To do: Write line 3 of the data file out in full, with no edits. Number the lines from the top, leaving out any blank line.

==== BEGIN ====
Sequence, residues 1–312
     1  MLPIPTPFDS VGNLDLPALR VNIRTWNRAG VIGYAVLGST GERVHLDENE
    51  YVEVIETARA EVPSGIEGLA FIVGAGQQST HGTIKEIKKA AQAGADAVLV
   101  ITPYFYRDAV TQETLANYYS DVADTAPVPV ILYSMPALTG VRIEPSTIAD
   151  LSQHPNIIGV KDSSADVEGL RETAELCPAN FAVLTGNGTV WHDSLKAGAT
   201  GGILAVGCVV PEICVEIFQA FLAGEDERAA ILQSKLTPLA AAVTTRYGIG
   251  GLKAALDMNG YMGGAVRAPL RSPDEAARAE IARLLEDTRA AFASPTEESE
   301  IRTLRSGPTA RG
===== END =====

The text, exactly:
    51  YVEVIETARA EVPSGIEGLA FIVGAGQQST HGTIKEIKKA AQAGADAVLV